I've blogged several times about Deborah Solomon's uncomfortably harsh questions for interview subjects in the New York Times Magazine. It turns out that some of those questions were never asked -- indeed, public editor Clark Hoyt reveals today that the print version of the interview is fundamentally misleading:
WHEN you read Deborah Solomon’s “Questions For” in The New York Times Magazine, it’s like crashing an exclusive book party at Tina Brown’s East Side garden apartment.
There you stand, sipping white wine, as Solomon and a famous author or politician or media personality trade zippy repartee. Her sharp, challenging questions elicit pithy, surprising answers — a disloyal comment about an employer, a confession to a Diet Coke habit, what’s in Jack Black’s iPod.
That is the illusion of Solomon’s column. The reality is something else: the 700 or so words each week are boiled down from interviews that sometimes last more than an hour and run 10,000 words. Though presented in a way that suggests a verbatim transcript, the order of the interview is sometimes altered, and the wording of questions is changed — for clarity or context, editors say. At least three interviews have been conducted by e-mail because the subjects couldn’t speak English or had other speech difficulties. And, Solomon told me, “Very early on, I might have inserted a question retroactively, so the interview would flow better,” a practice she said she no longer uses.
“Questions For” came under fire recently when a reporter for New York Press, a free alternative weekly, interviewed two high-profile journalists — Amy Dickinson, the advice columnist who followed Ann Landers at The Chicago Tribune, and Ira Glass, creator of the public radio program “This American Life” — who said their published interviews with Solomon contained questions she never asked.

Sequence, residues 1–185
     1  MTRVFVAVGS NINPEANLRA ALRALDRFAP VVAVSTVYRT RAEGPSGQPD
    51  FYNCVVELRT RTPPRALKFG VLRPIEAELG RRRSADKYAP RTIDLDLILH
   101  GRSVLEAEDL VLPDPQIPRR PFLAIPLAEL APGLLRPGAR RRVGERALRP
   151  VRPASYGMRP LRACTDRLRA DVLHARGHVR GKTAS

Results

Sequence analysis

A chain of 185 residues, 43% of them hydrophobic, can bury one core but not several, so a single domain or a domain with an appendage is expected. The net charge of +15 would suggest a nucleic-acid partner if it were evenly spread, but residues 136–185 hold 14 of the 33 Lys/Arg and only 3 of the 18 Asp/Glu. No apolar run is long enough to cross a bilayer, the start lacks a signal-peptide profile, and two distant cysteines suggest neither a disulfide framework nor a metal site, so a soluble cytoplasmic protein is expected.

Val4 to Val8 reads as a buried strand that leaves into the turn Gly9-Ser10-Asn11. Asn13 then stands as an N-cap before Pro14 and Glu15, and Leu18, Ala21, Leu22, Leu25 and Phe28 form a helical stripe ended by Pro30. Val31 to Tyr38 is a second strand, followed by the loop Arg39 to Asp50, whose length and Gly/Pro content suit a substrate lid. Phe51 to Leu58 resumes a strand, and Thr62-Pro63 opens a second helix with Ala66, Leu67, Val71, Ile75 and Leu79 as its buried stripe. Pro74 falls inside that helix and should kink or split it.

While the vast majority of Solomon’s interview subjects have never complained, these are not the first who have. Last year, The Times Magazine published an angry letter from NBC’s Tim Russert, who said that the portrayal of his interview with her was “misleading, callous and hurtful.”
After recounting the complaints of Dickinson, Glass, and Russert, which appear credible, Hoyt calls Solomon's journalism into question:
In an interview with Columbia Journalism Review in 2005, Solomon said: “Feel free to mix the pieces of this interview around, which is what I do.”
“Is there a general protocol on that?” her questioner asked.
“There’s no Q. and A. protocol,” Solomon replied. “You can write the manual.” Solomon told me she was joking.
In fact, there is a protocol, and “Questions For” isn’t living up to it. The Times’s Manual of Style and Usage says that readers have a right to assume that every word in quotation marks is what was actually said. “Questions For” does not use quotations marks but is presented as a transcript. The manual also says ellipses should be used to signal omissions in transcripts, and that “The Times does not ‘clean up’ quotations.”
Marzorati told me, “this is an entertainment, not a newsmaker interview on ‘Meet the Press.’” But that does not relieve it of the obligation to live up to The Times’s standards or offer an explanation when it deviates from them.
I think editors made a mistake by not publishing an editor’s note with Russert’s letter, acknowledging error and explaining the reforms. Now, I believe, if they want to preserve the illusion of a conversation, they should publish with each column a brief description of the editing standards: the order of questions may be changed, information may be added for clarity, and the transcript has been boiled down without indicating where material has been removed.
If such a disclaimer destroys the illusion, maybe “Questions For” needs to be rethought.